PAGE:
By the 19th century, the walking stick had become the hallmark of distinction, authority and strength. For the gentlemen of the era, it was not only an indispensable fashion accessory but also a source of confidence, security and nonverbal deterrence on the streets of Europe. In its various designs and configurations, the walking stick was also valued at home, where it served as an objet d’art and an effective weapon against invaders.
The French developed the walking stick into a formidable self-defense tool that became known as la canne. Adopted into the traditional savate training halls of the 1800s, it’s remained by the side of the kicking art for more than 200 years.
The Birth of La Canne
Pierre Vigny was one of the most innovative masters of la canne. Born in France in 1869, he began training in savate, English boxing and fencing at a young age. During his teenage years, he often ventured from one academy to another, learning new martial arts techniques and testing his skills against anyone who’d pick up a sword, stick or pair of boxing gloves.
In 1886 he joined the army, where he served as the fencing master for the second regiment of the French artillery at Grenoble. After leaving the military in 1889, he moved to Geneva and opened a combat academy. During this period, he devoted several years to the perfection of his own method of la canne.
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Pierre Vigny devised a system that could be described as a mixture of several indigenous European self-defense methods. Many of the passes, thrusts and wards resembled fighting techniques from German swordsmanship, and a collection of the foot skills were borrowed from savate and French boxing.
Upon receiving an offer from Edward W. Barton-Wright to assume the position of chief instructor at the Bartitsu School of Self-Defence, Pierre Vigny relocated to England in the late 1890s and introduced la canne and savate to the British. During his time there, he met and trained with two celebrated jujitsu instructors: Yukio Tani and S.K. Uyenishi. From them, he acquired new martial arts techniques for his already efficient repertoire of self-defense skills, after which he formulated his method of personal combat, which included moves from wrestling, savate, jujitsu and sword dueling. The addition of the new techniques was deemed necessary because of the rise of hooliganism throughout England.
Perfecting La Canne
Pierre Vigny’s skill as a fighter and teacher attracted the attention of both the working class and the aristocracy. He served as a coach at the London Boxing Club and instructed at Aldershot Military School. Seeking better business opportunities, he moved to London, where he opened a school in 1903 under the patronage of Grand Duke Michael of Russia and became director and manager of the New School of Self-Defence and Fencing Academy. Interestingly, his wife also taught there, offering ladies instruction in the use of the parasol and the steel-spiked umbrella.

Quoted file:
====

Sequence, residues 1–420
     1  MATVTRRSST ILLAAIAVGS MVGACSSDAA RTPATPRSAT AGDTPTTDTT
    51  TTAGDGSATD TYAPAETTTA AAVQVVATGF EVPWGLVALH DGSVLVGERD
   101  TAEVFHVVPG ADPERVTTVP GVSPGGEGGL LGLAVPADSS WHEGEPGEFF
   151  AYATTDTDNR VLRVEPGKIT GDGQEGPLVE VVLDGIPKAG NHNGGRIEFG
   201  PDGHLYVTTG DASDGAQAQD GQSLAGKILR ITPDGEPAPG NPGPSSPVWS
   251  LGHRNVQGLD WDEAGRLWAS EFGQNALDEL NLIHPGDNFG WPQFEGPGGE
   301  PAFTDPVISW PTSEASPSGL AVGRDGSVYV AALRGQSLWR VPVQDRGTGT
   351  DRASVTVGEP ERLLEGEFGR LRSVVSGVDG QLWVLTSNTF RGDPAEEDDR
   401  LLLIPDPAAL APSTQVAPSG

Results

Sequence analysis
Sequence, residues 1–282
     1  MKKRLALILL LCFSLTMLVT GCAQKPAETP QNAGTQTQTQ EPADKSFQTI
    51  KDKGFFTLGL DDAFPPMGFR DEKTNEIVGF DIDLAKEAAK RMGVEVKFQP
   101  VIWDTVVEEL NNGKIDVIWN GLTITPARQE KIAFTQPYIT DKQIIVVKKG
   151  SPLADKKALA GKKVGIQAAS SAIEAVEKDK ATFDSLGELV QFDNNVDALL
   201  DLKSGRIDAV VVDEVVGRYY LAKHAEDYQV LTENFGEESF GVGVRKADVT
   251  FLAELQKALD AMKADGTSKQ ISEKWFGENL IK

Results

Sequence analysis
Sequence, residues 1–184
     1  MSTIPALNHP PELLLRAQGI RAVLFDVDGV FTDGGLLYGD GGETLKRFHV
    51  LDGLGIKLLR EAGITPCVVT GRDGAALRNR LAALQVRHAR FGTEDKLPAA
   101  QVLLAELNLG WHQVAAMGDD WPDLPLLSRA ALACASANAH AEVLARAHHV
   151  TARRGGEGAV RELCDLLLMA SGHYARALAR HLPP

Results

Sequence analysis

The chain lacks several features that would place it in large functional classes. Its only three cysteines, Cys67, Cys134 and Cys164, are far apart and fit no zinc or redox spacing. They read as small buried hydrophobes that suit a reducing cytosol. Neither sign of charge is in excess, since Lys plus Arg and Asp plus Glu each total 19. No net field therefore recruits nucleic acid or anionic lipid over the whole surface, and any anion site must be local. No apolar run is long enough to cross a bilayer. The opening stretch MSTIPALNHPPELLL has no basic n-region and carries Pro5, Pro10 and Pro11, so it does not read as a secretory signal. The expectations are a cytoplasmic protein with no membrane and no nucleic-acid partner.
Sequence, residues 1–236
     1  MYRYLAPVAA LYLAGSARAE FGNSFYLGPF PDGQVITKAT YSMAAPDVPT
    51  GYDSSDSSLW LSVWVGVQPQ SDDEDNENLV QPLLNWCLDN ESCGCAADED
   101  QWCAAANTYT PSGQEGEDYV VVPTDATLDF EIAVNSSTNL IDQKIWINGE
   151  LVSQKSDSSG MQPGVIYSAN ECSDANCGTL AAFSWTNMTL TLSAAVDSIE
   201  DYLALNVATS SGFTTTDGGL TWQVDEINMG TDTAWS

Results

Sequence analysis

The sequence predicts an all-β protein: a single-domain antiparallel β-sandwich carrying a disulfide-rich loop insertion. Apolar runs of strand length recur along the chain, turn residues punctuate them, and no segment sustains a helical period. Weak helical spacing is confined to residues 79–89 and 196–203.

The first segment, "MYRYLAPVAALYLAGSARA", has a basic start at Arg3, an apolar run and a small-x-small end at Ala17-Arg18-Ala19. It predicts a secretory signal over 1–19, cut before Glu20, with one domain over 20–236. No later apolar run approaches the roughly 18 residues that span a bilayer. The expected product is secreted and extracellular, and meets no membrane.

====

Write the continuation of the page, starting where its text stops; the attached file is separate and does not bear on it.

The syllabus at the school catered to students who were interested in a variety of fighting arts. Even though he conducted classes in the fencing foil, sword, savate and self-defense from morning to night, la canne remained Pierre Vigny’s pet project. He taught courses that lasted 12 weeks, a length of time he believed was sufficient to give the average person the ability to handle almost any emergency.
Shunning the lighter assault canes that were popular in the academic training halls — Pierre Vigny referred to them as “chopsticks”—he believed that a true walking stick should be rigid and sturdy. Because of his dislike for the less-functional models, he had one produced to his own specifications. Termed the “Vigny self-defense stick,” it was made from a medium-weight Malacca cane with a metal knob mounted on the end. The heavy ball served as the point of percussion, thus adding instant knockout effectiveness to the weapon.
La Canne Goes Global
By 1912 London held little interest for Pierre Vigny, so he returned to Geneva, where he managed the Academy of Sports and Defence for a number of years. He put the finishing touches on what is arguably the most complete and effective stick-fighting system ever devised. Several police, military and martial arts academies adopted his syllabus.
During the 1920s, Superintendent Henry G. Lang, an English officer of the Indian police, was required to search for a less-than-lethal equalizer to oppose the commonly carried lathi. While on leave, he traveled to Europe to learn the Vigny system, and upon his return to India, Henry G. Lang produced a syllabus that he documented in the now-classic book The “Walking Stick” Method of Self-Defence.
In 1941 Henry G. Lang’s manual was translated into Hebrew, and for a time, it was adopted into the kapap curriculum, later to be included as part of the training undertaken by an Israeli spec-ops unit known as Palmach. It’s estimated that up to 50,000 Israelis received training in the walking-stick method.
Pierre Vigny’s influence also reached the United States through jujitsu and fencing instructor Charles Yerkow. By the early 1940s, Charles Yerkow had written a series of books titled Modern Judo: The Complete Ju-Jutsu Library, which served as a supplemental manual for American hand-to-hand combat teams. The section on stick play is based on Henry G. Lang’s “Walking Stick” Method.
Today, practitioners of Vigny la canne are privileged to be able to tap into a system that’s time tested, versatile and still very workable on the street. Anyone looking for a backup to his or her unarmed skills would do well to consider it, for it’s as relevant now as it was 100 years ago.
About the Author:
Craig Gemeiner is the founder of the Gemeiner Academy of European Combat Arts in Queensland, Australia. He serves as president of and technical director for the Australian Savate Federation Inc.